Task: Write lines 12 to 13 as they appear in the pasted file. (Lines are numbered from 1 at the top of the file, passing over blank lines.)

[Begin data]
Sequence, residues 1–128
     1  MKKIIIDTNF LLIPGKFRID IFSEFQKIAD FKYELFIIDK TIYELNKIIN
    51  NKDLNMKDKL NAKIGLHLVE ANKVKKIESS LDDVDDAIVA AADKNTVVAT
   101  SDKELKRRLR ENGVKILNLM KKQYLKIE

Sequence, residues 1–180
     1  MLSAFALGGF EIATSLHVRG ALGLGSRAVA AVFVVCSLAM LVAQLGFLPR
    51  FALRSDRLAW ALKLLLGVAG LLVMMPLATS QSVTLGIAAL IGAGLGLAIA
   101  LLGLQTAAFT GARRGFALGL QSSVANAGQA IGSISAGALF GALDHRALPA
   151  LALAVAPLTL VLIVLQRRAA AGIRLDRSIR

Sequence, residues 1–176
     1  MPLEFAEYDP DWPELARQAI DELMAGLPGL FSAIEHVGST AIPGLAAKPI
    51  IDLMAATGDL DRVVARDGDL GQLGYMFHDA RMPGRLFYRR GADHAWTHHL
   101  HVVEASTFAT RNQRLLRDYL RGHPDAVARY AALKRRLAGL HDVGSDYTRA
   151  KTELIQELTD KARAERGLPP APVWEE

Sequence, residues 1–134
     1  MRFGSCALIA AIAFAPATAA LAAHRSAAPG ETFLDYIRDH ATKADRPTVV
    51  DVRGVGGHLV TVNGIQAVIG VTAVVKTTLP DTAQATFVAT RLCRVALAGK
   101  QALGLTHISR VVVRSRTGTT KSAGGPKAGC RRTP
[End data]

    51  IDLMAATGDL DRVVARDGDL GQLGYMFHDA RMPGRLFYRR GADHAWTHHL
   101  HVVEASTFAT RNQRLLRDYL RGHPDAVARY AALKRRLAGL HDVGSDYTRA